This, by the way, is why you see food stands with salty snacks all along the 26.2 mile route of any marathon in the country. If you’re working out for one or two hours a day, no problem, but once you start doing events lasting five hours, or any number of hours in high heat, pay attention. I suggest that athletes aim for 80 to 100 mg sodium per quart of hydrating beverage and 100-300 mg of sodium per hour from other sources.
Selenium is a wonderful nutrient for athletes that has all kinds of benefits. But it’s often woefully lacking in our diet. (Best food source: Brazil nuts!) Here’s why selenium is especially important to athletes.
Let’s string a few facts together and connect the dots. Firstly, athletes may be subject to large amounts of oxidative stress and even cellular damage during the course of strenuous exercise. Secondly, one of the most powerful weapons we have against oxidative damage is a compound called glutathione, also known as the master antioxidant, which we make in our bodies. Lastly, selenium is necessary to make glutathione.
This means that selenium is important to help mitigate the cellular and oxidative damage of exercise. One study in France found that among athletes, 23% of males and 66% of females had selenium intakes below the French RDA. Another study looked at healthy nonsmoking males exercising to exhaustion. Half the group took 240 mcg of selenium while the other half took a placebo. The selenium takers showed a significant decrease in enzymatic activity, suggesting less cellular damage.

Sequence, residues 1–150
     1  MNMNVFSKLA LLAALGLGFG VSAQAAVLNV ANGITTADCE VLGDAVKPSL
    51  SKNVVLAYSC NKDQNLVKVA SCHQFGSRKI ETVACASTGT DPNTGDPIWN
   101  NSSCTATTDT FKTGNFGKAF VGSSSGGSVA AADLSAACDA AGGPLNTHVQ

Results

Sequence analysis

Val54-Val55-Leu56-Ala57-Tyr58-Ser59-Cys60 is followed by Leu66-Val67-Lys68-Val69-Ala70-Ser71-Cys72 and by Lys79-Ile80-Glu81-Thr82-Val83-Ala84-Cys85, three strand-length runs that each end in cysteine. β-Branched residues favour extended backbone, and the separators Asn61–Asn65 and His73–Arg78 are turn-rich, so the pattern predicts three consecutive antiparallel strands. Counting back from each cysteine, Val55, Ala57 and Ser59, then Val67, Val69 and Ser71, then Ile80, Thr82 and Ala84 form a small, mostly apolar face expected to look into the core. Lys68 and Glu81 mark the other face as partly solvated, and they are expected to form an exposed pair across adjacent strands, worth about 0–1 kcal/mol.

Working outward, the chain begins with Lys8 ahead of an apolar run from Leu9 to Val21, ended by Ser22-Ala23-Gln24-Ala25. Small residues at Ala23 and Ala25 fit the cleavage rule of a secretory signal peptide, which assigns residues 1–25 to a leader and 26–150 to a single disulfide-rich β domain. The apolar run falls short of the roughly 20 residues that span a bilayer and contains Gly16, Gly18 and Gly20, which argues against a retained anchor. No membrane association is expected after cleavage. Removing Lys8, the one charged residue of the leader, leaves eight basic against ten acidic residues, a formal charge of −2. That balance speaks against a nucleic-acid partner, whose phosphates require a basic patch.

The RDA for selenium is only 55 mcg for people 14 years and over, an amount easily gotten with a couple of Brazil nuts. However, I agree with many functional medicine practitioners who recommend between 100 and 200 mcg a day from supplements. That’s the amount found in many quality mineral supplements.
Compared to sedentary folks, athletes can have lower blood levels of this key nutrient. And that goes for both males and females. In one carefully controlled study, twelve volleyball players and twelve non-athletic control subjects performed progressive bicycle ergometer tests on stationary bikes on two occasions, once in October, once in December. On the first occasion, both the volleyball players and the control group showed a similar measure of zinc in their sweat and urine after the intense testing. But in December, after the volleyball players had spent two months training and competing, there was a significant increase in the loss of zinc through sweat and urine from the players after the bicycle tests compared to that lost by the control group. Dr. Christianson suggests that immune system compromise due to zinc depletion may be one of the reasons endurance athletes (like marathoners) often get sick shortly after completing their event.
I would recommend that athletes consider taking 30 to 60 mg of zinc a day. (Zinc picolinate supplements are generally well-tolerated and very absorbable).
From Clean Eating